Climate deal carbon pricing will hit Canadian incomes: PBO
Prime Minister Justin Trudeau takes part in a question and answer session with students at New York University, on Thursday, April 21, 2016. (THE CANADIAN PRESS/Sean Kilpatrick)
Prime Minister Justin Trudeau made a forceful argument in favour of pipelines and the Alberta oil sands Thursday, one day before he will sign on to an international climate change agreement that Canada’s budget watchdog says can only be achieved with a substantial hit to incomes.
Assistant Parliamentary Budget Officer Mostafa Askari told CTV’s Power Play that their study, released Thursday, found that the level of carbon pricing required to meet the emissions reduction target Canada agreed to in Paris last fall -- 30 per cent below 2005 levels by 2030 -- would reduce GDP by one to three per cent per year.
That would translate to an average hit to annual incomes of $600 to $1,800 per person.
“That doesn’t mean peoples’ incomes (are) going to go down,” Askari said. “It just means it will be lower than it would have been without these taxes.”
Askari said the goal is ambitious, but can be achieved through a combination of measures such as taxes, tougher regulations, environmental subsidies, cap-and-trade, and a gasoline tax hike of about 24 cents per litre.
The report includes various scenarios, but suggests measures would need to equate to carbon taxes of about $100 per tonne of C02, or significantly less if carbon capture and storage technology is used.
For comparison purposes, British Columbia’s current carbon tax is $30 per tonne and Alberta’s will only hit that level starting in 2018.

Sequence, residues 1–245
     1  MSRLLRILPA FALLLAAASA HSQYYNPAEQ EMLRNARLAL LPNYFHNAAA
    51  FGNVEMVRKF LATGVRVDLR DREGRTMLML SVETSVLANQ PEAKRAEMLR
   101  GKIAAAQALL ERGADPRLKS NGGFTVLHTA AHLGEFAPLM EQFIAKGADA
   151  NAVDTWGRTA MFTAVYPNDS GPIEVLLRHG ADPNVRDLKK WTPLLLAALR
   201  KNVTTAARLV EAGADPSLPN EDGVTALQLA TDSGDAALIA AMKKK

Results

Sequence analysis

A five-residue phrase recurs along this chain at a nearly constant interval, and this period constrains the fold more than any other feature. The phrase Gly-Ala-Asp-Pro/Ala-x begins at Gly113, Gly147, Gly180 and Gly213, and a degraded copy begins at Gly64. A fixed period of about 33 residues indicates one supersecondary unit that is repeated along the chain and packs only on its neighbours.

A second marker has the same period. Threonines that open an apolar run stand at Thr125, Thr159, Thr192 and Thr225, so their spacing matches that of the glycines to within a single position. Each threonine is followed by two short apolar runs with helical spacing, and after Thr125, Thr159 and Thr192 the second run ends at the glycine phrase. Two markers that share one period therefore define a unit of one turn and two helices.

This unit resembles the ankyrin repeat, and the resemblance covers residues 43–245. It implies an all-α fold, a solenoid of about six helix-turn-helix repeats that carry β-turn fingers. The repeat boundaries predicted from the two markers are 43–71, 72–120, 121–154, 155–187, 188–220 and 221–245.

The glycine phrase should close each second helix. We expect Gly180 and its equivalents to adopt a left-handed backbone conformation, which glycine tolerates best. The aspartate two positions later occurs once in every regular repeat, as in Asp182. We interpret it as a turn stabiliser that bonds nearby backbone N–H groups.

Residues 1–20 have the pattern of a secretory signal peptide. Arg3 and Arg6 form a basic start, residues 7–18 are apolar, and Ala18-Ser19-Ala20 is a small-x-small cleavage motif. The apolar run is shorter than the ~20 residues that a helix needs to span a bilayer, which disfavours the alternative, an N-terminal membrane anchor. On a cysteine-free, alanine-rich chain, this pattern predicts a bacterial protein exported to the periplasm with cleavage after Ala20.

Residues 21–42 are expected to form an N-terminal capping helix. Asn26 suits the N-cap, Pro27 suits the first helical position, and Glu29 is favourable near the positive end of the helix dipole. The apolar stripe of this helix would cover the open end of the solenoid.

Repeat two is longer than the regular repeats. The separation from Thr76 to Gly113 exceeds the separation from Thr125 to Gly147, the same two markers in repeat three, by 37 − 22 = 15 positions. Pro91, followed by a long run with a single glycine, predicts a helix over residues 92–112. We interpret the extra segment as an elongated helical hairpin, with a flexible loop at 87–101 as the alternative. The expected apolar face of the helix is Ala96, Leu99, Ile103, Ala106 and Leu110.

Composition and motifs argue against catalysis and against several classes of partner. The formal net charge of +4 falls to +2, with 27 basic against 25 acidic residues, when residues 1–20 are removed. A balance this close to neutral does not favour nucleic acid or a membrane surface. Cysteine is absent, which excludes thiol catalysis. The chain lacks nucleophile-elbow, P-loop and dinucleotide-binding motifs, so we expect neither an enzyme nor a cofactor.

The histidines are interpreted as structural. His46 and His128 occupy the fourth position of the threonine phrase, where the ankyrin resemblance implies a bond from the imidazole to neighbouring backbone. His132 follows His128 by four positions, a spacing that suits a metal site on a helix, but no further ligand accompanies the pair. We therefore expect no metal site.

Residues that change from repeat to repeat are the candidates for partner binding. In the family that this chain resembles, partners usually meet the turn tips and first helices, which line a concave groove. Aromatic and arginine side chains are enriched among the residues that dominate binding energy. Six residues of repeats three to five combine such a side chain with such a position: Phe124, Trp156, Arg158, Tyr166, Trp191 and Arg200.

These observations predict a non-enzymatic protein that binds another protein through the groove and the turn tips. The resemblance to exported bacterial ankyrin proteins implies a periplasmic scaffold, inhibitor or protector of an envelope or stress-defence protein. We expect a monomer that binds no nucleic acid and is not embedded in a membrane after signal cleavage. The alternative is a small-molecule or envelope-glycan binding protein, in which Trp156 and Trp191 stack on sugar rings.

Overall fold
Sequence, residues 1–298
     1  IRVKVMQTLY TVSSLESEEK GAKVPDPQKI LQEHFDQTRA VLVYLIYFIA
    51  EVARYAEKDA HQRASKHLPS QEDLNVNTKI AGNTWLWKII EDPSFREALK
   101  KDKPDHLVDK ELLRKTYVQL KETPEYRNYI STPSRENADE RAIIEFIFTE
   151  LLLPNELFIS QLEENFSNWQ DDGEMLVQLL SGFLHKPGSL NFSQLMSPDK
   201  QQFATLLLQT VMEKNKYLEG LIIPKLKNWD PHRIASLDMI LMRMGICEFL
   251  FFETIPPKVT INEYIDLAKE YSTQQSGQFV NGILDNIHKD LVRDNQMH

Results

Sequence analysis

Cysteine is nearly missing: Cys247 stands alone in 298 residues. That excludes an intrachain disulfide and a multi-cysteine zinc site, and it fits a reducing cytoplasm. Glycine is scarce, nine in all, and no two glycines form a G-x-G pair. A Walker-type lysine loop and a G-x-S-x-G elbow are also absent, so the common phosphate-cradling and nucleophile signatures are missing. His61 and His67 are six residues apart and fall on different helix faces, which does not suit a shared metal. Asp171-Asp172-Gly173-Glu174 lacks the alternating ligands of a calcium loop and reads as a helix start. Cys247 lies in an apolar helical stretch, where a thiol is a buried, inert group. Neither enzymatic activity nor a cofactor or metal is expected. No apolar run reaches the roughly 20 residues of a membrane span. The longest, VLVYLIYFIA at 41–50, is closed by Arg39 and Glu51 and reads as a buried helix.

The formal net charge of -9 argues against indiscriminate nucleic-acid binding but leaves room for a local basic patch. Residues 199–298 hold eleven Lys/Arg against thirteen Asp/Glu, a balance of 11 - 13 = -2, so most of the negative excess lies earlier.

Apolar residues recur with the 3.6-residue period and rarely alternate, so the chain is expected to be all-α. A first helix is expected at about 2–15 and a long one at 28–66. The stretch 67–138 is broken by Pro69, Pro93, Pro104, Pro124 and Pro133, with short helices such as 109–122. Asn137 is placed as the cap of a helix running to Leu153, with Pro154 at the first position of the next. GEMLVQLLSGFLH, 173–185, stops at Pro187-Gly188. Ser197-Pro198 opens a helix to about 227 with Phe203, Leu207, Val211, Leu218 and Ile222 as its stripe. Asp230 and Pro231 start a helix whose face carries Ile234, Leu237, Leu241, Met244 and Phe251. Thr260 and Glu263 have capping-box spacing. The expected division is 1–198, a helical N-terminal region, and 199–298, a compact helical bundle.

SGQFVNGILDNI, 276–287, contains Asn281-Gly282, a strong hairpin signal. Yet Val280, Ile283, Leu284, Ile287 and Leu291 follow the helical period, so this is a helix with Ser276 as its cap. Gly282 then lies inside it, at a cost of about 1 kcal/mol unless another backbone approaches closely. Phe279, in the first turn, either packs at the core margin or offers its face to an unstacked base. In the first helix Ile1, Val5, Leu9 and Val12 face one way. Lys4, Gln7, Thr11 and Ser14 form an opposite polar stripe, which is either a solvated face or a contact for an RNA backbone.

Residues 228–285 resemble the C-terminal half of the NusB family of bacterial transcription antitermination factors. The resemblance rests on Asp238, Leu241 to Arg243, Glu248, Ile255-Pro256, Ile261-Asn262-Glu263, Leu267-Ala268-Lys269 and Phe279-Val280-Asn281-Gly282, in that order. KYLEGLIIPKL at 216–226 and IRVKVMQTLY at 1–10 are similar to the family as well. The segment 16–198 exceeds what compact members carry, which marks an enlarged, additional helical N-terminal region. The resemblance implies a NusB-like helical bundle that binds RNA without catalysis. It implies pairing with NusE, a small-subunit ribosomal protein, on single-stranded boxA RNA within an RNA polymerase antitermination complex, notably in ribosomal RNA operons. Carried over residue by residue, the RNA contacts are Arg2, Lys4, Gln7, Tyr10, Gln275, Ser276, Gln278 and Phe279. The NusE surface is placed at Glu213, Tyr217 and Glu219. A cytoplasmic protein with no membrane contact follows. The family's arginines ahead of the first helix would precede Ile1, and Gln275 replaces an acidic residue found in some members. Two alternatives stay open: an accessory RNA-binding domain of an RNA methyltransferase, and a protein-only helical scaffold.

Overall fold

Askari said the emissions target could end up costing less, however, if technology improves faster than expected -- as was the case with acid rain mitigation.
Trudeau defends pipelines
Ahead of his visit to the United Nations Friday, where he will sign the COP21 agreement, Trudeau faced questions from New York University students, including one about why Canada is “still putting money into dirty oil sands.”
The prime minister responded with a forceful argument in favour of continuing to develop the Alberta oil sands and build pipelines while moving towards a low-emissions economy.
“The previous government didn’t do a very good job of being concerned about the environment at all,” he said. “And because of that, a shortcut to being concerned about climate change and wanting action was to demonize the energy resources in western Canada,” he said. “They were an easy scapegoat.”
“It’s easy to say: ‘You want to save the planet? Just block those pipelines’,” he added. “We know that’s a simplistic solution.”
Trudeau told the students he made a similar argument a few years ago, when he tried to convince Democratic lawmakers in Washington to support the Keystone XL pipeline that President Barack Obama later quashed.
The prime minister said that if everyone was forced to “leave our car at home” and “stop using fossil fuels tomorrow,” then the “world would come to a crashing halt.”
"Do I agree that in the future we're going to have to get off fossil fuels?” Trudeau said. "Absolutely.”
“Is that future tomorrow?” he added. “No, it's not.”
Trudeau suggested the solutions to climate change involve “education, innovation, science, efficiencies, changing behaviours, changing the ways our cities work, investing in public transit (and) research.”
“We're very much better off doing that from a position of having a capacity to invest and research,” he added, “than doing it by firelight in a cave 100 years from now, when we've reached a collapse because we haven’t engaged with it.”
‘D’ from Conference Board
Trudeau also faces a new report from the Conference Board of Canada that ranks the country 14th out of 16 peer nations on environmental performance. Only the U.S. and Australia are ranked worse.
Canada's greenhouse gas emissions are among the highest, in part because of our cold climate, the study found.
Canada did, however, receive an "A" rating for low-emitting electricity generation. The report points out that nearly 80 per cent of Canada's electricity is generated from sources such as hydro and nuclear power.
“These results show that Canada needs to encourage more sustainable consumption,” said Conference Board vice-president Louis Theriault. “Protecting the environment from damage is not a problem for tomorrow but a challenge for today.”
With files from The Canadian Press